If I understand correctly, what you're proposing sounds similar to what an Opera employee (can't remember who) proposed in one of those "Five things I like to see in Opera" meme that went around a while ago (it should be noted that many of the things proposed there ended up in the browser, so it's not that Opera Software does not listen) that Opera should add a robust extension system, cut off some fat from the browser, and let those removed features live a second life as an extension, essentially offloading development costs to the community, which would continue to maintain and develop (important) the feature, while Opera Software focus in the browser core.
One of the things that you mention ("hiding" features) is probably being considered at Opera, or even implemented. It's a given that Opera 10 will have a redesigned GUI, and not just a simply new theme, so probably part of it will involve increasing the usability shifting menus around, and making a new "Preferences" screen (or so I hope).
I said it other times that we have discussed Opera in DC (which must be the most discussed non-DC app around here :D): Opera Software should fix some of its ways, but in order. First, and above all, is to fix Opera 9.5, which while is still a great release, it has many broken things that make it appear less good than what it is. Second, it's to fix many of the old issues that have been reported to the bugtracker years ago, and still persist in the browser (and arise from time to time in the Opera forums or the Desktop Team blog). With all of that fixed, they should focus into what I perceive are the most pressing issues judging from would-be Opera users: lack of extensions and marketing.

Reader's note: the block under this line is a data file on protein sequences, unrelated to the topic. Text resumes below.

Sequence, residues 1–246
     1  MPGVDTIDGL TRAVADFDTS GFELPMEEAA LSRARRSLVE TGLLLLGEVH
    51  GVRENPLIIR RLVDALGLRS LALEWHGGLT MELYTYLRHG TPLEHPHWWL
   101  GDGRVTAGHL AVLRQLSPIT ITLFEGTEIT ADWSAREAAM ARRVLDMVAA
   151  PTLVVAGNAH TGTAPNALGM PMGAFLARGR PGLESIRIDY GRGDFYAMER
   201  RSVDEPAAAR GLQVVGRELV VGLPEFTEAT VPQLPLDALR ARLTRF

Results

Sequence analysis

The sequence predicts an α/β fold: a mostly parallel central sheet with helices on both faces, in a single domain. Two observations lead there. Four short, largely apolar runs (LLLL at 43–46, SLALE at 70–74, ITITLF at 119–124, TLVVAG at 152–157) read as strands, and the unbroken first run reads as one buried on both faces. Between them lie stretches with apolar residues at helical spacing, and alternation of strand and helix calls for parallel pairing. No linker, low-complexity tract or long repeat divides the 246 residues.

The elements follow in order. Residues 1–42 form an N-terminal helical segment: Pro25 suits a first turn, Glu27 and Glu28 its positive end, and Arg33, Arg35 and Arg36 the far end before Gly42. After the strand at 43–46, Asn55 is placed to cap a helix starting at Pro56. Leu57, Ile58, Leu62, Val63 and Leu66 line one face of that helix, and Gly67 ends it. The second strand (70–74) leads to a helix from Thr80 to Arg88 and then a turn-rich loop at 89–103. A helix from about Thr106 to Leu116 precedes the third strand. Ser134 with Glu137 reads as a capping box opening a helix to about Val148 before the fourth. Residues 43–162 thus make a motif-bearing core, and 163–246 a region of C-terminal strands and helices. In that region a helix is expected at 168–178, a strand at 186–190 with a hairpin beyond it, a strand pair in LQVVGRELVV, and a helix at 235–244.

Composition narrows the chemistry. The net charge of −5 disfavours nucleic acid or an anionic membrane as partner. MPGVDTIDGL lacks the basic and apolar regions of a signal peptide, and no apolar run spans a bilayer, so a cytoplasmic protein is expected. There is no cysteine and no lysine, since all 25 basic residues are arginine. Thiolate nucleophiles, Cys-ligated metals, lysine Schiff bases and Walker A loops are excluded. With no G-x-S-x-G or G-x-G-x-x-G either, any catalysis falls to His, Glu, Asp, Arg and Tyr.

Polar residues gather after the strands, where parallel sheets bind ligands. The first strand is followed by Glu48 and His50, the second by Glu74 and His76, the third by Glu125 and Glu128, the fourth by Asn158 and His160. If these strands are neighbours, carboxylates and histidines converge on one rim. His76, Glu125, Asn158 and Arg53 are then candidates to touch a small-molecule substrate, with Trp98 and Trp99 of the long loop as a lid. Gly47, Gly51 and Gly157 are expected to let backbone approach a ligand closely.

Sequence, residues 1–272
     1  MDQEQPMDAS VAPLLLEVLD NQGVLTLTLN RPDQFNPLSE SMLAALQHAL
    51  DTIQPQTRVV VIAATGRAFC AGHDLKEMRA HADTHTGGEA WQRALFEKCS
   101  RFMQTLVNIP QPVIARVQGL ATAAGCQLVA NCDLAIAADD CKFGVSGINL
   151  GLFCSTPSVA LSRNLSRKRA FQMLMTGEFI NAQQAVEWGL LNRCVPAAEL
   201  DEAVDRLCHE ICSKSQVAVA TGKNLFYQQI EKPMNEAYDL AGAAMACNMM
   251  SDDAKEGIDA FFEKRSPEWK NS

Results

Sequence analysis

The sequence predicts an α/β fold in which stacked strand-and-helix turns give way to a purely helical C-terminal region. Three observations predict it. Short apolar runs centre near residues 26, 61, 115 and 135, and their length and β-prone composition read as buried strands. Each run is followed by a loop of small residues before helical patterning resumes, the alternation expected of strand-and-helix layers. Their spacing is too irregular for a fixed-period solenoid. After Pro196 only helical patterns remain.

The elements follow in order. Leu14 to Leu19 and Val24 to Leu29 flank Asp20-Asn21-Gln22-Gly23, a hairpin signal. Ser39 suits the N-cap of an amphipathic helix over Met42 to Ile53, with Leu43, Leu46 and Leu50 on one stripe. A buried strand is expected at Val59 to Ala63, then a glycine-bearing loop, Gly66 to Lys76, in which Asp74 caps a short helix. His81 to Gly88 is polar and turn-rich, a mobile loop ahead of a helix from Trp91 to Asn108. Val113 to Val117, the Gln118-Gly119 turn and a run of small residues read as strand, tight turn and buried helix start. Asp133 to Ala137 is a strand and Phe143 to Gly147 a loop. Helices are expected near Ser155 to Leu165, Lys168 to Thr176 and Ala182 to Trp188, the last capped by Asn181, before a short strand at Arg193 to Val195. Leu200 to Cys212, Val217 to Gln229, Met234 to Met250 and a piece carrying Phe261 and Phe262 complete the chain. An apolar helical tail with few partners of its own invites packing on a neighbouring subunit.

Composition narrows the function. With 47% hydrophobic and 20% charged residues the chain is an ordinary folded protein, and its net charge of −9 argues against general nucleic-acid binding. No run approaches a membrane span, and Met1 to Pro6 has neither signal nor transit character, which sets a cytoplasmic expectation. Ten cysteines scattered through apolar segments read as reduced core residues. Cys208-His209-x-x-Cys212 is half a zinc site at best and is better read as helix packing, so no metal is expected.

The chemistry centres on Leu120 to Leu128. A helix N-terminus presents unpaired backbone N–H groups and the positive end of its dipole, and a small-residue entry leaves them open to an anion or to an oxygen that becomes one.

As you, I definitely think Opera needs a huge push to market the browser much better than what it's doing now. The primary problem in Opera perception to the public is that most ignore the browser as a whole, for various reasons. Even when the media focus on it, you can tell a veil of ignorance (not the right word, but I can't come up with another right now) in the reports, as it's the first time they ever touched the browser. As an example, the link that fenix posts above about the EU investigating MS for bundling IE with Windows (that would be material for another thread) was reported in the newspaper I usually read as a posible benefit for the competition of IE, like Firefox and Google Chrome. Nothing was said about Opera or Opera Software, despite filing the complaint (then again, the quality of reporting in this particular newspaper has been going downhill for a while).
The problem is how to do it right, and if they're willing to do it. Doing it the Firefox-way it's not really a nice option, because at its heyday it acquired a religion-like pushing, and in certain of its current initiatives still feels like that, and you risk alienating many would-be users, and although it ended up working in the long run, it would be preferable to do it in a nicer way (I ignore how, I'm not a marketeer :P). But Opera Software, despite taking some steps towards this in recent years, it still does not seem ready to do the big-push.
Also, I would like to do some remarks over some of your opinions there: Chrome does not really have a bigger marketshare than Opera yet, it may seem like that because of Net Applications numbers, but those are U.S. based AFAIK, and not really trustable. xiti, for example, which measures browsers market share in Europe, gives a whole different set of numbers. Besides, Google quotes a installed user base of 10 million and Opera around 30 million. Also, Chrome relies on the Google brand first, and its technical merits and lightweight design second.
Probably Google also played a part in when to drop the ads in the browser. Opera Sync is far more capable than Foxmarks, although the initial feature set was similar. And Widgets are not extensions by a LONG shot, perhaps they were inspired by them, but at best they're a poor imitation. To this day I still can't find what's the reason behind their existence, perhaps the Widget specification they submitted to the W3C will make them more powerful with time and thus more interesting, but so far I don't really care about them existing or not.